Luke and I talked about driving to the Great Smoky Mountains for a couple of years. We viewed it as a good opportunity to spend some quality time in the southeast, rather than our typical visits to the southwest. And since we’d be piloting our own vehicle, we could bring as much gear as we wanted, specifically our camp chairs. They are a great luxury when you’re accustomed to sitting on tree stumps.
Great Smoky Mountains National Park is the most visited park in the country because it’s within driving distance of several major metro areas along the east coast. Knowing this, yet not wanting to see the park via the ass-end of a stranger’s minivan, we timed our trip for the first week of June – a sweet spot of low activity between Memorial Day and the last day of school.
I did a bit of research beforehand and learned that a majority of visitors tend to congregate in the center of the park around Gatlinburg, Tennessee and in the western areas around Cades Cove. We decided to go in the exact opposite direction and concentrate our efforts on the eastern side of the park. I earmarked any reference to “quiet, “strenuous” and “moonshine” in my guide book and selected campsites in Cosby, Tennessee and Cataloochee, North Carolina. An email exchange with a friend’s father who lives in the area and a call to the Great Smoky Mountains Public Affairs Office confirmed that our itinerary was solid.
We also wanted to make a stop at Mammoth Cave National Park in Kentucky for a guided tour of the world’s longest known cave system. There are a variety of tours to choose from and we were momentarily tempted by the six-hour-long “Wild Cave Tour” that requires participants to shimmy through extremely tight spots with colorful names like, “The Birth Canal.” My fairly acute sense of claustrophobia persuaded us to book the more leisurely “Historic Tour,” which was a good call considering I nearly lost my shit going through “Fat Man’s Misery.” More on that later.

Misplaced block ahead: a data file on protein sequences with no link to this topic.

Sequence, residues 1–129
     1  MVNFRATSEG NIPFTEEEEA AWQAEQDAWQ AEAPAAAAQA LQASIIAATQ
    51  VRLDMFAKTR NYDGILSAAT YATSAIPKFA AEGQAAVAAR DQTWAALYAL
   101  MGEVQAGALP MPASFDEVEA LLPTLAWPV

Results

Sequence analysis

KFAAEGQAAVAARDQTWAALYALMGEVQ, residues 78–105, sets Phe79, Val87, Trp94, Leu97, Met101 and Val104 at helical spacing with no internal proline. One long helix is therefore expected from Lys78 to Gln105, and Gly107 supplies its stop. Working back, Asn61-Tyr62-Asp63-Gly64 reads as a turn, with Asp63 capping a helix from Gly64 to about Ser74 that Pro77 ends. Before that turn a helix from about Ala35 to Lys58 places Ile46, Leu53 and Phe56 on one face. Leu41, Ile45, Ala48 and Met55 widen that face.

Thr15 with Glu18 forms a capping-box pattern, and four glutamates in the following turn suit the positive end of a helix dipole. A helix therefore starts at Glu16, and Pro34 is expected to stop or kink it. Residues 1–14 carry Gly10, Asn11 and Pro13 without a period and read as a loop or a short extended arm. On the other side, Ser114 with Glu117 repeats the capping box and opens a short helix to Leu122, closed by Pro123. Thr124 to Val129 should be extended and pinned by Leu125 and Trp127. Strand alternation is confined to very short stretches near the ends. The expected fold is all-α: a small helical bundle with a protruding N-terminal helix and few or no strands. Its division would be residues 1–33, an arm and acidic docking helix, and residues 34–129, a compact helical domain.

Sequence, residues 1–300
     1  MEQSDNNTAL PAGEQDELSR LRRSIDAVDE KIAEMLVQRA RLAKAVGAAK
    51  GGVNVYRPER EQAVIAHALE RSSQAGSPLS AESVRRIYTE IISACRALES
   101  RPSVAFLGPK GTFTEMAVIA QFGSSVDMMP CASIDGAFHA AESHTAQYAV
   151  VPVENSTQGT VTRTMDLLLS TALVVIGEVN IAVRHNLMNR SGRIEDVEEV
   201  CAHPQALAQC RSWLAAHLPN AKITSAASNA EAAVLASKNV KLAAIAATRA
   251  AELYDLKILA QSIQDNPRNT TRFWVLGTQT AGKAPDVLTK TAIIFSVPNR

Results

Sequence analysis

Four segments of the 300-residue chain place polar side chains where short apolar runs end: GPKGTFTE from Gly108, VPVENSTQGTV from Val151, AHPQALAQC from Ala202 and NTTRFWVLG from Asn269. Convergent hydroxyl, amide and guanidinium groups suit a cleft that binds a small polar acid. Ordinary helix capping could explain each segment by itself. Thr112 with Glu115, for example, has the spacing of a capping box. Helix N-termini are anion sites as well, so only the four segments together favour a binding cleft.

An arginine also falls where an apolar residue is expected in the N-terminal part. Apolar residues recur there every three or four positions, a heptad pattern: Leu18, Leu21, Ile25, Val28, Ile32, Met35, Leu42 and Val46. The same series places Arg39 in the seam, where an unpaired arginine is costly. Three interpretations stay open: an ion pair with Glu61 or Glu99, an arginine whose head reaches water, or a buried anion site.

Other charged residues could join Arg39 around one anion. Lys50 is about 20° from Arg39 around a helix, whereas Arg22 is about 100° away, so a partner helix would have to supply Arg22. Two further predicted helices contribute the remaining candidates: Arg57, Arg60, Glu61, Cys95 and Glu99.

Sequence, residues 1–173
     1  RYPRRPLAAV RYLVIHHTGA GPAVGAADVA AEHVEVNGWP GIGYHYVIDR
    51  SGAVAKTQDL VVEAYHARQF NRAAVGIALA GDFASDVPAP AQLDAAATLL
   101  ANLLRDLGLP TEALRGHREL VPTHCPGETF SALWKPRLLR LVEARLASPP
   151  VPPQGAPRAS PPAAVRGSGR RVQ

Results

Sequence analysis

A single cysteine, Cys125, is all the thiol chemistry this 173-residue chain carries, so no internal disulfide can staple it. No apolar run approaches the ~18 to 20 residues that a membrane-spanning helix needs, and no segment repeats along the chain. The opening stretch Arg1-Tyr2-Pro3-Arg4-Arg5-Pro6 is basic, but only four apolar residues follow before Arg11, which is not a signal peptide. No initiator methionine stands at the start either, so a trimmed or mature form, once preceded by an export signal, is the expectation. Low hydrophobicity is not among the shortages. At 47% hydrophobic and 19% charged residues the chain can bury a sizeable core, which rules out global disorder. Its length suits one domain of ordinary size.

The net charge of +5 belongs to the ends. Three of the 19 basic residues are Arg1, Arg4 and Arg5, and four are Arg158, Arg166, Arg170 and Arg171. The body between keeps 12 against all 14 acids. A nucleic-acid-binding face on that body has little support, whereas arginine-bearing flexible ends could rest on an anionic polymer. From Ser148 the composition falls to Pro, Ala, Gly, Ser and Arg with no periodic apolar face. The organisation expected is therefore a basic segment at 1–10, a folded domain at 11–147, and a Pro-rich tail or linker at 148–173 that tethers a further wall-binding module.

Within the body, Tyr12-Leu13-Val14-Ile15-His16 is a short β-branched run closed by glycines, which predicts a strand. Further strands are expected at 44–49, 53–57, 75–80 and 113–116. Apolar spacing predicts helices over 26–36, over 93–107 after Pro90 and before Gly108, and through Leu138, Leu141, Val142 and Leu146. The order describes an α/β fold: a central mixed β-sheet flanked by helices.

Like all great adventures, nothing ever goes according to plan, but it somehow always comes together in the end. For future reference, here’s our original itinerary:
Friday night: Drive from Minneapolis to Champaign, Illinois. Stay in a hotel
Saturday: Get up early, drive to Mammoth Cave. Set-up camp and go for a short hike (above ground).
Sunday: Break camp. Drive to Bowling Green, Kentucky. Stay in a hotel. Shower thoroughly.
Monday: Drive to Cosby, Tennessee. Set-up camp. Hike to Hen Wallow Falls.
Tuesday: Hike to the top of Mount Cammerer to see the Historic Fire Tower.
Wednesday: Break camp. Drive to Cataloochee, North Carolina. Set-up camp. Chill in a hammock.
Thursday: Explore historic buildings in the Cataloochee Valley.
Friday: Break camp and drive to…?
Saturday and Sunday: Teleport home.
As we’ve learned from past national park experiences, having a schedule is fine for planning purposes, but don’t set your heart on sticking to it. Mother Nature does what Mother Nature wants. And your cat will take care of the rest.
To Be Continued…